On May 18, 2023, the Federal Trade Commission (the “FTC”) issued a policy statement on the use of biometric information under its regulatory powers in Section 5 of the FTC Act (the “Statement”). The Statement is the strongest message the FTC has ever issued regarding how certain uses of biometric technology may, depending on the circumstances, constitute unfair and deceptive trade practices under Section 5.

The Statement provides significant insight into the FTC’s shifting priorities and focus on the regulation of the use of biometric technology, a topic that so far has been regulated by state and local law – or not at all. Companies should take heed of the FTC’s guidance for purposes of understanding potential exposure not only at the federal and state regulatory level but also in the form of potential civil lawsuits under state unfair and deceptive trade practice statutes.

The Statement

In the Statement, the FTC stated that it is committed to “combatting unfair or deceptive acts related to the collection and use of consumers’ biometric information and the marketing and use of biometric information technologies.” The FTC defined “biometric information” broadly, including “data that depict or describe physical, biological, or behavioral traits, characteristics, or measurements of or relating to an identified or identifiable person’s body.” This includes, but is not limited to, “depictions images, descriptions, or recordings of an individual’s facial features, iris or retina, finger or handprints, voice, genetics, or characteristic movements or gestures (e.g., gait or typing pattern).”

The Statement recognizes several scenarios where the use of biometric technology provides “new and increasing risks.” These include (1) the use of biometric information to create counterfeit videos or recordings (“deepfakes”) to commit fraud or defame individuals; (2) the proliferation of biometric information repositories that create attractive targets for malicious actors; (3) the use of technology to reveal sensitive information about consumers, including information related to health care, religion, or politics; and (4) the potential for technology to incorporate deep biases that manifest differently across demographic groups. 

In light of these perceived risks, the Statement sets out a non-exhaustive list of examples of practices that the FTC will scrutinize going forward in determining whether a company’s use or marketing of biometric information technologies complies with Section 5 of the FTC Act. These include the following:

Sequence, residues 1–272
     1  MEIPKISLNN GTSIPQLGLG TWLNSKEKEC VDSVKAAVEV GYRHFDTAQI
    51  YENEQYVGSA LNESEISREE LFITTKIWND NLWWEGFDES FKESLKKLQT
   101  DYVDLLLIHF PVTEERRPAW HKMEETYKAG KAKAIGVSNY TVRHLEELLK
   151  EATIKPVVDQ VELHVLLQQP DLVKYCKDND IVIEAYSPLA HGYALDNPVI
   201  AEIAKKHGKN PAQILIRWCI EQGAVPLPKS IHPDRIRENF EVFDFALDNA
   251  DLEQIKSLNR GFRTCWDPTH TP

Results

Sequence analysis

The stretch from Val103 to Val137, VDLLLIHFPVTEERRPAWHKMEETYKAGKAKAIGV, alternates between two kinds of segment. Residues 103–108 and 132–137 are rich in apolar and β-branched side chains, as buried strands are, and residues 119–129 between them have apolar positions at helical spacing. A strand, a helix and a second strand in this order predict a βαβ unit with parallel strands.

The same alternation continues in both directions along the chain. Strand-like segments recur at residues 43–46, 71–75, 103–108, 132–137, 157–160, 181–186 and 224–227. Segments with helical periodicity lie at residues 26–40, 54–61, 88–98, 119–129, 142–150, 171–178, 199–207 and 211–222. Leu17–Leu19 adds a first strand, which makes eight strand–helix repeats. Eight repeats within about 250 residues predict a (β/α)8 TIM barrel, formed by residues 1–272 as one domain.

Deceptive Trade Practice Examples

  • False or unsubstantiated marketing claims relating to the validity, reliability, accuracy, performance, fairness, or efficacy of technologies using biometric information; and
  • Deceptive statements about the collection and use of biometric information.

Unfair Trade Practice Examples

  • Failing to protect consumers’ personal information using reasonable data security practices;
  • Engaging in invasive surveillance, tracking, or collection of sensitive personal information that was concealed from consumers or contrary to their expectations;
  • Implementing privacy-invasive default settings in certain circumstances;
  • Disseminating an inaccurate technology that could endanger consumers;
  • Selling technologies with the potential to facilitate harmful or illegal conduct, and failing to take reasonable measures to prevent such conduct; and
  • Using biometric technology in a discriminatory manner.

In evaluating whether biometric technology violates Section 5, the FTC will take into account factors such as whether the company:

  • Fails to assess foreseeable harms to consumers before collecting biometric information;
  • Fails to promptly address known or foreseeable risks;
  • Engages in surreptitious and unexpected collection or use of biometric information;
  • Fails to evaluate the practices and capabilities of third parties who will operate or be given access to biometric technologies;
  • Fails to evaluate the practices and capabilities of third parties;
  • Fails to provide appropriate training for employees and contractors whose job duties involve interacting with biometric information or biometric technologies; and
  • Fails to conduct ongoing monitoring of technologies that the business develops, offers for sale, or uses in connection with biometric information.


Biometrics are directly regulated in a limited number of locations, including Illinois, Texas, Washington, and New York City. While private biometric privacy litigation has flourished in Illinois, there are few instances of private plaintiffs pursuing companies under other states’ laws for the wrongful collection or mishandling of their biometric information.

The Statement may cause an uptick in biometric privacy litigation nationwide, for two reasons.

First, the FTC’s definition of biometric information is significantly broader than definitions found under state laws that regulate biometric technology. Even in states that already regulate biometric information, there may be new exposure for collecting, possessing, or using data relating to an “identified” individual’s characteristics or traits, even if those characteristics or traits themselves are not unique enough to identify an individual with a high degree of reliability.

Second, while the FTC Act does not provide a private right of action, private litigants may attempt to use the Statement to bring claims under their state’s unfair and deceptive trade practices act.

Companies that use or create biometric-enabled technology should take note of the Statement and evaluate their compliance. Contact the authors with any questions.